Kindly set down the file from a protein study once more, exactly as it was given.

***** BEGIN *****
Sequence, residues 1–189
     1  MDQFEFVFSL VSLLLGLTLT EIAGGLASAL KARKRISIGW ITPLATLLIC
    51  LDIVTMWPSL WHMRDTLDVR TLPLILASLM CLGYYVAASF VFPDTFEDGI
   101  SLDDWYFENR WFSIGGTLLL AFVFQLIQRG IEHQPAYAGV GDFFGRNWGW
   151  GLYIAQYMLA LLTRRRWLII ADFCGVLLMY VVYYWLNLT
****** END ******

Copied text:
Sequence, residues 1–189
     1  MDQFEFVFSL VSLLLGLTLT EIAGGLASAL KARKRISIGW ITPLATLLIC
    51  LDIVTMWPSL WHMRDTLDVR TLPLILASLM CLGYYVAASF VFPDTFEDGI
   101  SLDDWYFENR WFSIGGTLLL AFVFQLIQRG IEHQPAYAGV GDFFGRNWGW
   151  GLYIAQYMLA LLTRRRWLII ADFCGVLLMY VVYYWLNLT